One of the symbols of Christmas that we enjoy is the colorful poinsettia. The tradition had its beginning in 1825, when Dr. Joel Robert Poinsett, the first U.S. ambassador to Mexico, saw the plant growing wild near Taxco, Mexico. Dr. Poinsett collected 16 plants, which he brought back to his home in Greenville, South Carolina. He soon gave cuttings to many of his gardening friends. However, the beautiful poinsettias that we enjoy at Christmas today didn’t begin to evolve until the mid-1960s.
Here are four ways you can enjoy and protect your poinsettias.
-- In choosing your poinsettia, select one that has bracts that are large with bright colors. Also, look for a plant on which the small flowers at the tip are just beginning to open. Shedding pollen and open flowers are an indication that the plant may not continue to look its best during the holiday season.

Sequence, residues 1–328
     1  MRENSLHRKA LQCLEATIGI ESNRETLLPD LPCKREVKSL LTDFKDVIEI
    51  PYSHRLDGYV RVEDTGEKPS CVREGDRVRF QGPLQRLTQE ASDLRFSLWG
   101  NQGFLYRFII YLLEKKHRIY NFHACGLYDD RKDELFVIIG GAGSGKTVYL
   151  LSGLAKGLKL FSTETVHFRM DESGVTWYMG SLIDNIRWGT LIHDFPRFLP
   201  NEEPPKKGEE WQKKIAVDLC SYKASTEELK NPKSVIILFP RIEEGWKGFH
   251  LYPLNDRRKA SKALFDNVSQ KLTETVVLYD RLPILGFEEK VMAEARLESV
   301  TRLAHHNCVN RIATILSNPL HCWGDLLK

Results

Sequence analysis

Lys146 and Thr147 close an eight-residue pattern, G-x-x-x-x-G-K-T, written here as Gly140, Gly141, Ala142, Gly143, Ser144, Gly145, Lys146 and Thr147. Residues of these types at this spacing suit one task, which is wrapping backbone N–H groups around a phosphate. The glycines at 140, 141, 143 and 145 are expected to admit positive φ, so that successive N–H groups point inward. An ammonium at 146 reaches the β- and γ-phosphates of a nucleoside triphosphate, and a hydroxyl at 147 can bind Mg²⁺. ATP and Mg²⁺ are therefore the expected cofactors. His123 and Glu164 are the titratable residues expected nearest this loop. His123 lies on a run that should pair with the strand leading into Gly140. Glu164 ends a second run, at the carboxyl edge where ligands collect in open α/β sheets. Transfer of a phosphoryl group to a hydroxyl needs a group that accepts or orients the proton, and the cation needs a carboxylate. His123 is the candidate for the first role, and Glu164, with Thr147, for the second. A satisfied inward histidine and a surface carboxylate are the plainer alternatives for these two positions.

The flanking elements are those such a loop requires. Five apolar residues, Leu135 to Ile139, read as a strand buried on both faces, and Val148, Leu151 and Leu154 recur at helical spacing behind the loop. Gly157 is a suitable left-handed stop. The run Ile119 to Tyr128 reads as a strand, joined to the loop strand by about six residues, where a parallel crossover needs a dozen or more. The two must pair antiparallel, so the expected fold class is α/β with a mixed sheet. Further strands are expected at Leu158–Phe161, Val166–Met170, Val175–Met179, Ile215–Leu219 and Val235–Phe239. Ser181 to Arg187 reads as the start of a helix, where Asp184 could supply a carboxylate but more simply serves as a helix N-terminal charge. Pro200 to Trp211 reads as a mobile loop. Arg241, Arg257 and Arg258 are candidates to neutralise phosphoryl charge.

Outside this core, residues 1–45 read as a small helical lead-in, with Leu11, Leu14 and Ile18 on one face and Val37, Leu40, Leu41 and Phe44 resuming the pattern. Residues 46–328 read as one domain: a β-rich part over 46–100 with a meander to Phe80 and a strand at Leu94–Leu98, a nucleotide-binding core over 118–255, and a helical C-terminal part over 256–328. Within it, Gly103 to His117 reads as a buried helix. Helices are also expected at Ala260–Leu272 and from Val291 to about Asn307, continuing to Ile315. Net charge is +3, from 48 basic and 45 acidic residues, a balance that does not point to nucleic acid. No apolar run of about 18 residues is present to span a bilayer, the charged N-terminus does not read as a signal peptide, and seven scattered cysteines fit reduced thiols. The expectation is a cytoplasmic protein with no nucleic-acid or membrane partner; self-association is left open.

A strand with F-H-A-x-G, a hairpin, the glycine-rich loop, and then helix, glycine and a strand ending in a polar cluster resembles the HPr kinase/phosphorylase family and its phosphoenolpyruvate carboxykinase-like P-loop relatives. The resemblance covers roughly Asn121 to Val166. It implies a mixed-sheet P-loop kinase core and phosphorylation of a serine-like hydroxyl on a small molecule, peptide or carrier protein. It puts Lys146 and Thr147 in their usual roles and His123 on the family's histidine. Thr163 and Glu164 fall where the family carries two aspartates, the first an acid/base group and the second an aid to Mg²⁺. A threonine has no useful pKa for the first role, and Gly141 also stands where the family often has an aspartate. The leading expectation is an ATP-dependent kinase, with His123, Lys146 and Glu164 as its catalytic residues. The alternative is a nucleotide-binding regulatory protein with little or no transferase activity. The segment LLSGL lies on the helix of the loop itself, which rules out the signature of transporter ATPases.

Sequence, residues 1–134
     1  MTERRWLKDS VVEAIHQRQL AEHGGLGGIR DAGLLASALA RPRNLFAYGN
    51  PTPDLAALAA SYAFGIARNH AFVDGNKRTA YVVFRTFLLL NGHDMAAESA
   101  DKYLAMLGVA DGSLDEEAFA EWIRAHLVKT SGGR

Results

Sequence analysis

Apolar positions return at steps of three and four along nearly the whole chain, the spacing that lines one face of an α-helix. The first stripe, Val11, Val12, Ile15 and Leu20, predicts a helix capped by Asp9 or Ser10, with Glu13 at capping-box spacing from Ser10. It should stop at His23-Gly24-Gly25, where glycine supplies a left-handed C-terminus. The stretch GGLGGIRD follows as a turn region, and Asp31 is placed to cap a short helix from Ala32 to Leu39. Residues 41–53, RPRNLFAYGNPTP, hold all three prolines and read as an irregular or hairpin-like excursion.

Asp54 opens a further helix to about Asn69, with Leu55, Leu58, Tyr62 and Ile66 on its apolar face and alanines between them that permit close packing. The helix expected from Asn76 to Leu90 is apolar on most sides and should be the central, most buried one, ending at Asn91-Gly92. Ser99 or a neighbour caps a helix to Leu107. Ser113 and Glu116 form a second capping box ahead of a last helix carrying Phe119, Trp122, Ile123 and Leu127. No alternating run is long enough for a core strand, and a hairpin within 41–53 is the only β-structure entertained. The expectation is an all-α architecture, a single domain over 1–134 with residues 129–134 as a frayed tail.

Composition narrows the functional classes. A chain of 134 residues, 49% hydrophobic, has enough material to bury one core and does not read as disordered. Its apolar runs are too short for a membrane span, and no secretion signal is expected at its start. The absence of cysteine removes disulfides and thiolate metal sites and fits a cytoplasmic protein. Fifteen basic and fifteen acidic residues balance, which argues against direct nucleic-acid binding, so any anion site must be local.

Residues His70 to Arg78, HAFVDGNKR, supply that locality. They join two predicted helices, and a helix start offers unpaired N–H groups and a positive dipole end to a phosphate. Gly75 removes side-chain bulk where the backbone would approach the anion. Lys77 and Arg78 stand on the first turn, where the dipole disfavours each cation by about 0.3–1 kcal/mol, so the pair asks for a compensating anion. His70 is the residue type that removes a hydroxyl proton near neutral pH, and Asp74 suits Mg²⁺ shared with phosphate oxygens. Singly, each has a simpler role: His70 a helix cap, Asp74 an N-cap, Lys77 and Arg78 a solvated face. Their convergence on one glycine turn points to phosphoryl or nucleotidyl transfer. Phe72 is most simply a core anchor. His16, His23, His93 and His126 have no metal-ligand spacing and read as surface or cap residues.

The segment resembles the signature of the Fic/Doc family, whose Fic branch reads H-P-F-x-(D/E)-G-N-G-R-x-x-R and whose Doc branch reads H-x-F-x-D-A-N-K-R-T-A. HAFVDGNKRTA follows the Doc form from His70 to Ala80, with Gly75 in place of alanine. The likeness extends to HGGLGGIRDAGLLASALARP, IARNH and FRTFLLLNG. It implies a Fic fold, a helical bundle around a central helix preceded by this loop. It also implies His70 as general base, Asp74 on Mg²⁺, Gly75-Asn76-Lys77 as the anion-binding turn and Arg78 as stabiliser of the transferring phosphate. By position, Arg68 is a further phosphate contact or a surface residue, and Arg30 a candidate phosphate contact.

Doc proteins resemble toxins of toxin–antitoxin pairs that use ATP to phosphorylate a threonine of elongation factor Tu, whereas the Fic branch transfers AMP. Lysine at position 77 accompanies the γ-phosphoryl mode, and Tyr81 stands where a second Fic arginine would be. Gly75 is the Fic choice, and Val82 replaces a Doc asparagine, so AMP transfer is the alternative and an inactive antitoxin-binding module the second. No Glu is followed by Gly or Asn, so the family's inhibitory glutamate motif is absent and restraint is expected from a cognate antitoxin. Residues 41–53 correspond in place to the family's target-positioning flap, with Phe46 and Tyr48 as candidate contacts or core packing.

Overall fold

-- When transporting plants, make sure they are protected from temperatures lower than 50 degrees. Exposure to cold air will usually cause the leaves to drop.
-- Keep your plants out of drafts and away from open doors in order to prevent sudden temperature changes.
-- Water your plant when you bring it home, then check the moisture content of the soil on a regular basis. It will probably need to be watered twice a week. If the poinsettia becomes too dry or too wet, it will probably shed its leaves.
After Christmas, some gardeners attempt to plant their poinsettias outside in the landscape, this is not recommended for our area because we have some freezing and frost during the winter months. If you decide to plant poinsettias outside, be sure to select a sunny location on the south side of the house that has some protection from the cold wind. You also will need to cover the plant with frost cloth or some other type of covering in freezing weather.
Some gardeners enjoy carrying their poinsettias through the growing season. It can be accomplished successfully, but it takes knowledge, planning and persistence.